Founded as a mission of Christ Church Cathedral in 1868, St. Peter’s became a parish in 1872. In 1893, the parish moved to the corner of Lindell Blvd. and Spring Ave., flourishing at that location for many years before moving to the current location in 1949. Remnants of the first church reside with us today, including the brass altar cross and candlesticks, the white marble altar and baptismal font, the processional cross and cornerstone.
St. Peter’s sits on a five acre lot with woods on two boundaries. The Nave seats 350 to 400 worshipers. The Altar, Baptismal Font, communion silver and the altar flower vases were all brought from the original church. The cornerstone was also moved and placed in the new church garden. Linking the past with the future was important to the building of the new church.
In 1957, the need for additional Sunday School space was apparent and so the Education Wing and Little Building were added. Twelve classrooms, a nursery, and offices were built in keeping with the Georgian colonial design. Another beautiful addition was the Laird Garden, built in memory of St. Peter’s longest term rector, William H. Laird, and the one who inspired the move to our present location. Adjacent to this garden is our Columbarium which was constructed in 1992 in response to a need for interment on the parish grounds. It is one of many in the Episcopal Diocese of Missouri and throughout the United States providing a final resting place that is serene, dignified, secure and accessible. It is a truly beautiful and peaceful place to sit and reflect.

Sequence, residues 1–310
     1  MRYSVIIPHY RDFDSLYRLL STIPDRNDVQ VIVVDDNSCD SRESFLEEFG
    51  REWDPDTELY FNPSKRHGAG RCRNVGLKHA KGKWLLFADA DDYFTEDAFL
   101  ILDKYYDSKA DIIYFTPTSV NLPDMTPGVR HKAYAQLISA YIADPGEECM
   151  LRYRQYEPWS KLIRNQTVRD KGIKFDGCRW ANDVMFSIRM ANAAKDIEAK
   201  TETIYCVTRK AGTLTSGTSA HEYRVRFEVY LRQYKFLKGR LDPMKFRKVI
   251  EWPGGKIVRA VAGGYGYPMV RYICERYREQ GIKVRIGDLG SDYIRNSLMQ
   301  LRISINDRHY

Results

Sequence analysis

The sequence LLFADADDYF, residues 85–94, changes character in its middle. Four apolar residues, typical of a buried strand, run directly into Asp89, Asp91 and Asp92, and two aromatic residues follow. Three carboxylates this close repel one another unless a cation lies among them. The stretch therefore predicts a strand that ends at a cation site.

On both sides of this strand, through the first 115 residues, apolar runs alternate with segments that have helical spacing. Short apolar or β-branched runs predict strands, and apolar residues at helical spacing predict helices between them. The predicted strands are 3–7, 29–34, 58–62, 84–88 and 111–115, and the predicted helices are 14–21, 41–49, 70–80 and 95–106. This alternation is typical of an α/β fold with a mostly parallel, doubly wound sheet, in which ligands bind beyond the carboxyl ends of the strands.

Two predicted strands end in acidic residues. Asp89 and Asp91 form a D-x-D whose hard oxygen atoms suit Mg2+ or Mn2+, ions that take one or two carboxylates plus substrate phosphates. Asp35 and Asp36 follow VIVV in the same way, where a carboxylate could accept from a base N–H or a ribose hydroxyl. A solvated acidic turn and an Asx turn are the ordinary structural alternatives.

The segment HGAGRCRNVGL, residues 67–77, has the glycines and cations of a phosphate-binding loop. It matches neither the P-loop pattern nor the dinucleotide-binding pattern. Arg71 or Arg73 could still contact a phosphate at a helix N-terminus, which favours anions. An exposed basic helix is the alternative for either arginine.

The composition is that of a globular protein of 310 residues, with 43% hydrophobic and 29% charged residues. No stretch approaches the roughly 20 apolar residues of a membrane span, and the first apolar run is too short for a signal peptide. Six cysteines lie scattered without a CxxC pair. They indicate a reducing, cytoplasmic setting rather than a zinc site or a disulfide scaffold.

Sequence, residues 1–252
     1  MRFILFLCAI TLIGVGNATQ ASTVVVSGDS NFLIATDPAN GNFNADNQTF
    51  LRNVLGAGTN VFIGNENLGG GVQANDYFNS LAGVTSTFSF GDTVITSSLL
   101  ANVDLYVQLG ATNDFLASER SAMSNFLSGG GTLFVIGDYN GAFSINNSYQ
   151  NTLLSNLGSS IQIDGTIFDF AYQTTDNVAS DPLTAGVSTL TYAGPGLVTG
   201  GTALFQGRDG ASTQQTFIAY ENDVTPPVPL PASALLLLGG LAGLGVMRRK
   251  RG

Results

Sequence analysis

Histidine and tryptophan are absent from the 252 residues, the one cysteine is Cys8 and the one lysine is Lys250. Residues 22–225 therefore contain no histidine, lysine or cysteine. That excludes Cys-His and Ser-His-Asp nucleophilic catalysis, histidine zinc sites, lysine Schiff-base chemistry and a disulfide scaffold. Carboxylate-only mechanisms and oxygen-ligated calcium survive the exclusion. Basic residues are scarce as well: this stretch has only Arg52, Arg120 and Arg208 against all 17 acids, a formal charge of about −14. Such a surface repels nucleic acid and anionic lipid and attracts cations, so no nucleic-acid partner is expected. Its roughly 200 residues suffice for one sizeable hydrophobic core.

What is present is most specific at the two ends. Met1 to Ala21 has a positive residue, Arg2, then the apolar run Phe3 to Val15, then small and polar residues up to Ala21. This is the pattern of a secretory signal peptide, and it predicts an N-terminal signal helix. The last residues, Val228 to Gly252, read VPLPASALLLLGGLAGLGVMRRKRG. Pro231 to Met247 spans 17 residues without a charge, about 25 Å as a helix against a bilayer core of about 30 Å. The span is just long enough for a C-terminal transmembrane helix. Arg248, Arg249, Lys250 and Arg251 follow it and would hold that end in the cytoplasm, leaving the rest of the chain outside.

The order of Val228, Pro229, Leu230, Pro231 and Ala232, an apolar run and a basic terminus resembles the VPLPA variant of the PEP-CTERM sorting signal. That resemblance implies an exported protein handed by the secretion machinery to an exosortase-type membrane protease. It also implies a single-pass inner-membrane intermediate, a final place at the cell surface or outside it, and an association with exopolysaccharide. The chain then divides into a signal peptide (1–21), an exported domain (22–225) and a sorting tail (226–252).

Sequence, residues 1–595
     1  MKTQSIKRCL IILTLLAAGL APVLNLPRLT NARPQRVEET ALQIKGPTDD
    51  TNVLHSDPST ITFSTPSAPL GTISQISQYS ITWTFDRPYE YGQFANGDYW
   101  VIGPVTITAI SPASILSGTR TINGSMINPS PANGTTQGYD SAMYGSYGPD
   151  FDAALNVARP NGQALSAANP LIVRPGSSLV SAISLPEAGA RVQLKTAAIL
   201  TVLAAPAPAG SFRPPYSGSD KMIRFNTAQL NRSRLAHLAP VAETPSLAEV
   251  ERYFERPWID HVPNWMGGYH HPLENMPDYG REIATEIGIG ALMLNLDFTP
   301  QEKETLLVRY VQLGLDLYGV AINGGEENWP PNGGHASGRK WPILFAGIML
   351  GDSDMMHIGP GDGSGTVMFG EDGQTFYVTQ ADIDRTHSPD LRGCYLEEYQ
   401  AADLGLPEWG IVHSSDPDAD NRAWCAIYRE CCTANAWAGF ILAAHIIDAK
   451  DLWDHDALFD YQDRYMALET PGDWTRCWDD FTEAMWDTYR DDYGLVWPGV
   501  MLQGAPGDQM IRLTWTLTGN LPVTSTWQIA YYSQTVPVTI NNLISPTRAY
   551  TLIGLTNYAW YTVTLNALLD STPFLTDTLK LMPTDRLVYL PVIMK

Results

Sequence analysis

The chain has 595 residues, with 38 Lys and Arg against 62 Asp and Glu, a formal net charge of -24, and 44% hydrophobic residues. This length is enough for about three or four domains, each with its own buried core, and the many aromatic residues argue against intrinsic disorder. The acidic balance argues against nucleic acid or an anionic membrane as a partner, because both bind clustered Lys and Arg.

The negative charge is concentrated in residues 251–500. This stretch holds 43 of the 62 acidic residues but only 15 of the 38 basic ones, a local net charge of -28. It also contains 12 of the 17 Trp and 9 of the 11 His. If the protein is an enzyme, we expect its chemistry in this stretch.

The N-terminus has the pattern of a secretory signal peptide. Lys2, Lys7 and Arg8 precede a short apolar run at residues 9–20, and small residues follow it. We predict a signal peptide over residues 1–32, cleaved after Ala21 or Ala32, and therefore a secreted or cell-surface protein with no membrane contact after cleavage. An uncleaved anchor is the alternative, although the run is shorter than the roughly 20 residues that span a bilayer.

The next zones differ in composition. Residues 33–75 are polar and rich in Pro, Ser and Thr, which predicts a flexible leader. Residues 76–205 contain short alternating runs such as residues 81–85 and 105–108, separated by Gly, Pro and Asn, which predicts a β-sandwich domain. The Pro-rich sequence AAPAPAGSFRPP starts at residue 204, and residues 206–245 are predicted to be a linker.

From 1996 to 1998, St. Peter’s saw the completion of additional space needed, including Grace Chapel which is located on the upper floor of the west wing. Accessible during extended hours, Grace Chapel provides a space for services and private meditation. Grace Chapel’s stained glass windows are mouth blown, antique stained glass. They were created by Brother Steve Erspamer and Emil Frei Associates, Inc., Artists and Craftsmen in St. Louis. Everyone is welcome to visit Grace Chapel and to spend some time in quiet prayer.
During the summer and early fall of 2001, the interior of the church building was restored and construction of a new Chancel Organ began. The organ was built by N.P. Mander, Ltd. of London. This instrument is a mechanical action (tracker) organ of 44 stops comprising four divisions, and contains 57 ranks of pipes. It is housed in chambers and cases on either side of the Choir. A gift to the parish, the organ is used in corporate worship and for organ recitals.